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Here’s why you should consider making charitable giving part of any business exit plan.

Business owners are looking for different and innovative ways to give. One of those ways includes mixing charitable giving with their business exit plan, which can include donating business or private stock.

Entrepreneurs are leading the way in virtually every area of generosity. They give 50% more to charity than non-entrepreneurs, according to a 2018 study by Fidelity Charitable1. The study also states that 69% of entrepreneurs say they want to incorporate charitable giving into their exit plans, and nearly 75% have had a discussion about philanthropy with an advisor.

The best time for business owners to maximize their gift is usually at the time of sale or transfer of a business. These are most likely the largest taxable events in a business owner’s lifetime.

A sale can generate a great deal of taxable income and/or capital gains taxes. A transfer to family members can generate significant gift and/or estate taxes. The tax benefits of giving aren’t the reason behind the gift, but can make it an ideal time to make a transformational contribution to nonprofit organizations.

What are the tax benefits of making a gift in conjunction with a business transition?

One of the most efficient ways to reduce the tax is by donating part of the business prior to the sale. At the Saint Paul & Minnesota Foundation, we work with donors and their advisors to help them donate a portion of the business to us. Then, we and the business owner will jointly sell the business to a buyer. This can be tricky, as you must avoid a prearranged sale.

A prearranged sale can potentially jeopardize tax savings, but if done properly it can go very smoothly. The donor gets a nice charitable income tax deduction that offsets the tax on the portion of the business sold directly. The Foundation can then sell a highly valuable asset.

Owners who would like to support multiple organizations can contribute the stock to a donor advised fund (DAF) at the Foundation. The Foundation sells the stock, and the sales proceeds are then available to grant to all the donor’s favorite nonprofits.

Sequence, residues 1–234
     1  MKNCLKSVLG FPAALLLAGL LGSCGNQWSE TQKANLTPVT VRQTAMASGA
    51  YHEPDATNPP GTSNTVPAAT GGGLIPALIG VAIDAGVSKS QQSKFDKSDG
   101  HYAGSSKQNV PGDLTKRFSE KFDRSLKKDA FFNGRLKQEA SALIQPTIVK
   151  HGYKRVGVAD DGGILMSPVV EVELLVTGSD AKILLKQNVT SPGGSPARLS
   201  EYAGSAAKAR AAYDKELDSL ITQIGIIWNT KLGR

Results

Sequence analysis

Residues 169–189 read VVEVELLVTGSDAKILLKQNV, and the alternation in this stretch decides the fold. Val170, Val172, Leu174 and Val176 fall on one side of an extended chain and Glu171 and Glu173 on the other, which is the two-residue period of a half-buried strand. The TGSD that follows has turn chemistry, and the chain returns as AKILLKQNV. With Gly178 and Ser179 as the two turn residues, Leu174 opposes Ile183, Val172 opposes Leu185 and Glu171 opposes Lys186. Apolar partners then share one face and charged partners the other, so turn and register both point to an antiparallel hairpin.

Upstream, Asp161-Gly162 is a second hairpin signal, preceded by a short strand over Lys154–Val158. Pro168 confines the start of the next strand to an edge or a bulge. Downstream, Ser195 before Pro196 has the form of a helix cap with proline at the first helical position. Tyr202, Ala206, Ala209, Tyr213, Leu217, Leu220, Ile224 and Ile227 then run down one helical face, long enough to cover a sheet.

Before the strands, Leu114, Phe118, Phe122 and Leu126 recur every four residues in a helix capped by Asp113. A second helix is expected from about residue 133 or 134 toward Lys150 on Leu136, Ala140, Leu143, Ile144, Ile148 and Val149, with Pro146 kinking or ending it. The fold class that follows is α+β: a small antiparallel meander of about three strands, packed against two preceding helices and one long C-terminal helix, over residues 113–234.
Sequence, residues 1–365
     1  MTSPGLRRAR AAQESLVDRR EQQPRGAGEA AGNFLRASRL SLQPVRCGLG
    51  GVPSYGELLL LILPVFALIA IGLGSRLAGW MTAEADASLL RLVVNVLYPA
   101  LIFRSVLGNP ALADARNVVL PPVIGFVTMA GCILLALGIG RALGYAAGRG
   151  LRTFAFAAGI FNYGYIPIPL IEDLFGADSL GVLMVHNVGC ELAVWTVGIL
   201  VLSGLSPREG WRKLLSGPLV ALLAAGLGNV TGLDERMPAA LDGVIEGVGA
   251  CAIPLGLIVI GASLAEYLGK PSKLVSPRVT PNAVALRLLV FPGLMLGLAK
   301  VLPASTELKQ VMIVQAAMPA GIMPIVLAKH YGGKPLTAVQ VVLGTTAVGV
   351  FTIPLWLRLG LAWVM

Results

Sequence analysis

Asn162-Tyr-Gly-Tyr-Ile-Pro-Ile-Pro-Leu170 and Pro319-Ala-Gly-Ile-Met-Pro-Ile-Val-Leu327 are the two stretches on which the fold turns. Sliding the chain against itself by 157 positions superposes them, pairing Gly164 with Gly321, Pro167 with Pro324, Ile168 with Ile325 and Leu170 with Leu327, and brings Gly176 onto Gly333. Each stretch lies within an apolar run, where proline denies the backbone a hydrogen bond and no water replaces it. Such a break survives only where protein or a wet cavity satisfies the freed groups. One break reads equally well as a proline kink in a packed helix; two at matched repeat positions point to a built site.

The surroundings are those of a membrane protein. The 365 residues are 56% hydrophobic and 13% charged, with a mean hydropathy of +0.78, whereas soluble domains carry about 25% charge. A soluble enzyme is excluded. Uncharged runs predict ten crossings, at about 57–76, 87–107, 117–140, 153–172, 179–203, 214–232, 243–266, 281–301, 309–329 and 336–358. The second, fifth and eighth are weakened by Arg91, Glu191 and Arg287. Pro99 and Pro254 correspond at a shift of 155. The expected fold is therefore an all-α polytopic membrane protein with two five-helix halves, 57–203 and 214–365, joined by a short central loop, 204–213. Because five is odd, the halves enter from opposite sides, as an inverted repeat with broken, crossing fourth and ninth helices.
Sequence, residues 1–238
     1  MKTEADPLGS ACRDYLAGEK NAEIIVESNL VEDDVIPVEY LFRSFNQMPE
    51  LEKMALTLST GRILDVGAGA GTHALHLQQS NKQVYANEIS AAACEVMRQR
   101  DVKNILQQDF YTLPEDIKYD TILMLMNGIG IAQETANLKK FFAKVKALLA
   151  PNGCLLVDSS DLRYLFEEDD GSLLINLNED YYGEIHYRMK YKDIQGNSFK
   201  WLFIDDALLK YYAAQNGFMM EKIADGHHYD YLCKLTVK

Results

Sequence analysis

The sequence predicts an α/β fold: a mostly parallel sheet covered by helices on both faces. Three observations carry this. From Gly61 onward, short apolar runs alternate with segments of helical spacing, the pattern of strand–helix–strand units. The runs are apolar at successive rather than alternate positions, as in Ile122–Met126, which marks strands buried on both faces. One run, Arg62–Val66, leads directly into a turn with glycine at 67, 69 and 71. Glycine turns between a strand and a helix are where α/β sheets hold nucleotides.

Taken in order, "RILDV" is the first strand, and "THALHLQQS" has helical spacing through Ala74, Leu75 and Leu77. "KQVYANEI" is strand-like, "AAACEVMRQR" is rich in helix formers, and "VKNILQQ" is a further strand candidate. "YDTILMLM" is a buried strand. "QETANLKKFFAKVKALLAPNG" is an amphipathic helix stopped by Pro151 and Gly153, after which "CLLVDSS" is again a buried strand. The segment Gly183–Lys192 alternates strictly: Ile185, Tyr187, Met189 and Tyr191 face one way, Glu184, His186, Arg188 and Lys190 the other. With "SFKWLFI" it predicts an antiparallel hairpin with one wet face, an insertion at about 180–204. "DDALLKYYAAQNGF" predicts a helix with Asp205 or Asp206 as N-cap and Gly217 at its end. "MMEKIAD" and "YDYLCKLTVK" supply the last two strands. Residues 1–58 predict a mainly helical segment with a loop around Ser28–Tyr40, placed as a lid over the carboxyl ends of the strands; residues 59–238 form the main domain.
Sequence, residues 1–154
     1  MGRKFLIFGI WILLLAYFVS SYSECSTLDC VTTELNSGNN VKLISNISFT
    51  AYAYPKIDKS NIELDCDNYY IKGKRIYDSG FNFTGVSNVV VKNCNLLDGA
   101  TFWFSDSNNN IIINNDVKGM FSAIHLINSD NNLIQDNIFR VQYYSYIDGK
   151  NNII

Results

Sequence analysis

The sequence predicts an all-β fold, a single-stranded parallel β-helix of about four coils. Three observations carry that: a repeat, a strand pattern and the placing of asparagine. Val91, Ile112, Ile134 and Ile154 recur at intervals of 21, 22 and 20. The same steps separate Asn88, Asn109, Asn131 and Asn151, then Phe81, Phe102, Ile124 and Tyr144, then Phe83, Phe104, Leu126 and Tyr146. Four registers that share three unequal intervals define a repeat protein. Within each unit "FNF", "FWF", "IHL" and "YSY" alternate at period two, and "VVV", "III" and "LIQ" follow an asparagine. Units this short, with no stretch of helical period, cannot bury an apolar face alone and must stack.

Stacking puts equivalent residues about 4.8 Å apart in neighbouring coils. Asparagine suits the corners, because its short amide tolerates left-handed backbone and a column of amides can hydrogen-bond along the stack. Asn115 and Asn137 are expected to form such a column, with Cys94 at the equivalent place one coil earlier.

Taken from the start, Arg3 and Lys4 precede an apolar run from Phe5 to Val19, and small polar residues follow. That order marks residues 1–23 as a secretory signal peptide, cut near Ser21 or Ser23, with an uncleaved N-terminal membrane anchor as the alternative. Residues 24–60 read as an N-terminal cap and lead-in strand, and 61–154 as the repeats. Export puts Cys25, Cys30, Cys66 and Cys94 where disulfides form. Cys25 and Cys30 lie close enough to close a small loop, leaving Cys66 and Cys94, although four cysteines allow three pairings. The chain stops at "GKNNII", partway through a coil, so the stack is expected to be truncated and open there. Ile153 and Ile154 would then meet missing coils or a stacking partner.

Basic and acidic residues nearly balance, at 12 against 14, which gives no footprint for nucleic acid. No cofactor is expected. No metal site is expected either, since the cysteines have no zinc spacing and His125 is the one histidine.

Donating stock to multiple organizations, while coordinating a sale of that stock, can be extremely complicated. A DAF is uniquely positioned to streamline that process. Our staff will work with donors and their advisors to open and manage their fund.

Transitioning a Business to the Next Generation

Another creative strategy is to use charitable giving as a way to transition a business to the next generation. This can help reduce the number of outstanding shares.

For example, say a business owner owns 75% of a business and her children own 25%. She wants to:

  1. Exit the business

  2. Generate some income

  3. Increase her children’s share of the business

Her children don’t have the money to purchase as many shares as they want, so the business owner donates a third of her shares and gives a third to her children. The company makes an offer to purchase outstanding shares from the nonprofit, the business owner, and her children (this is often called a “charitable stock bailout’).

The nonprofit and the business owner want to sell, but her children don’t. The company can purchase all the shares the nonprofit and the business owner owns, and those shares are “retired” or absorbed back into the company. That automatically increases the children’s overall ownership interest to 100%.

These are just some of the creative ways that entrepreneurs can give. The Foundation is here to help entrepreneurs, business owners and their advisors craft giving plans that fit their own unique situations and businesses.

If you are a business owner contemplating a future sale of your business or a professional advisor working with a client who is considering a sale, please contact one of our gift planners to learn how we can help you maximize your giving options.

For additional helpful information and insights, download our guide to enhancing a business transition with charitable giving.

1 "Entrepreneurs as Philanthropists," PDF, Fidelity Charitable. 2018.

The Saint Paul & Minnesota Foundation does not provide tax, legal or accounting advice. Please consult your own tax, legal and accounting advisors regarding your individual situation before engaging in any transaction.

This post was originally published on January 14, 2022, and updated on April 16, 2024.

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